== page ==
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As far as I know, finite languages have a finite number of strings or words, while context-free languages are generated by context-free grammars. I don't know which aspect should I know that they are correlated with. All I know is that finite languages are regular, and regular languages are context-free. How should I know this?

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    $\begingroup$ "All I know is that finite languages are regular, and regular languages are context-free." This immediately implies that all finite languages are context-free. $\endgroup$
    – idmean
    Jan 12 at 11:09
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The language consisting of the words $w_1,w_2,\ldots,w_n$ is generated by the context-free grammar $$ S \to w_1 \mid w_2 \mid \cdots \mid w_n. $$

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  • $\begingroup$ So, are all finite languages context-free sir? or just some? $\endgroup$ Jan 12 at 5:49
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    $\begingroup$ @JorelleTuyor What this answer is telling you: Every finite language is regular, because it can be created with a regular grammar like above, where the words are simply exhaustively listed. So yes, every finite language is regular (and thus also context free). $\endgroup$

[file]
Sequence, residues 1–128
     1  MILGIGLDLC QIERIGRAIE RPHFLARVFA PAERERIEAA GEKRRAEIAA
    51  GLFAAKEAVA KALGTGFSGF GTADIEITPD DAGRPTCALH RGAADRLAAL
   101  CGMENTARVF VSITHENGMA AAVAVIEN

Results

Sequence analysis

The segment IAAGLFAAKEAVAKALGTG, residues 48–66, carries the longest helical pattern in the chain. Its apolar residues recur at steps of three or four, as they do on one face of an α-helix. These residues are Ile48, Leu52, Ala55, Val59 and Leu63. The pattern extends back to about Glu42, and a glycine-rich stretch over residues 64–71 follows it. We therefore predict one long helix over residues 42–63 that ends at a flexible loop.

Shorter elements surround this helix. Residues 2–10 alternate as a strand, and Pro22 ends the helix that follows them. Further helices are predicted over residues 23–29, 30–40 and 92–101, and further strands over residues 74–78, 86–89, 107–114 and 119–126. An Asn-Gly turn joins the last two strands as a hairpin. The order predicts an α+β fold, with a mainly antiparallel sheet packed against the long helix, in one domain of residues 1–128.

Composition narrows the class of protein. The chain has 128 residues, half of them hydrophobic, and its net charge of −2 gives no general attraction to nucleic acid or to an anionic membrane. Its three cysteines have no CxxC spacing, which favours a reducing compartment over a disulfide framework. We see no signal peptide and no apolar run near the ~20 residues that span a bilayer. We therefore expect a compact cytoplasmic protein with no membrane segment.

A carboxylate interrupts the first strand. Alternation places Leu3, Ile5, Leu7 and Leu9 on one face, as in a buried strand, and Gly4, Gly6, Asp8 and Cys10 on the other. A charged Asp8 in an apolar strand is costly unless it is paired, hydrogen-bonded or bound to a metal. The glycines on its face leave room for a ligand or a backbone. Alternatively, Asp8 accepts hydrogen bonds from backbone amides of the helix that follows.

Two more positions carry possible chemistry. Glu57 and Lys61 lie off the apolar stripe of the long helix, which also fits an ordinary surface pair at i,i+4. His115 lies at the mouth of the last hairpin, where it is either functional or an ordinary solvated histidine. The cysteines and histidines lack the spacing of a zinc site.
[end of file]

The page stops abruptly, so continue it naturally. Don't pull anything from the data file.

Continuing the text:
– kutschkem
    Jan 12 at 7:00
  • $\begingroup$ @kutschkem Thank you for clarifying sir. God bless. $\endgroup$ Jan 12 at 7:08
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Let

  • $F$ be the set of finite languages
  • $R$ be the set of regular languages
  • $C$ be the set of context-free languages.

The statement "All finite languages are regular" can be rewritten $F \subseteq R$. Similarly, "All regular languages are context-free" can be rewritten $R \subseteq C$. Both being true, we can take $F \subseteq R \land R \subseteq C$ to be true as well.

Set inclusion is known to be a transitive relation, that is $F \subseteq R \land R \subseteq C \rightarrow F \subseteq C$. Thus, by modus ponens, we can conclude that $F \subseteq C$ is true, or that all finite languages are context-free.

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  • $\begingroup$ Very Well said Sir. Thanks.❤ $\endgroup$ Jan 12 at 15:21

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